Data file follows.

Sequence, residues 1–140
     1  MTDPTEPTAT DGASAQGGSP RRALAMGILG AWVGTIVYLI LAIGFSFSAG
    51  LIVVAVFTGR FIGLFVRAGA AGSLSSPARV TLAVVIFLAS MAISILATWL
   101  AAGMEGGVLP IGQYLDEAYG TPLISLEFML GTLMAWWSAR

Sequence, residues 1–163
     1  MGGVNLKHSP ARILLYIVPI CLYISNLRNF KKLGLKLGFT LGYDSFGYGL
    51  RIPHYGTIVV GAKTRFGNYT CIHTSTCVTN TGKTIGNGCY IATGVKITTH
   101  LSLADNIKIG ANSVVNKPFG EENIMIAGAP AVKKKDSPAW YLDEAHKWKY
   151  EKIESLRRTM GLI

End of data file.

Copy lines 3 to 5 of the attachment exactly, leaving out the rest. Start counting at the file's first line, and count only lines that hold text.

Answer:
    51  LIVVAVFTGR FIGLFVRAGA AGSLSSPARV TLAVVIFLAS MAISILATWL
   101  AAGMEGGVLP IGQYLDEAYG TPLISLEFML GTLMAWWSAR

Sequence, residues 1–163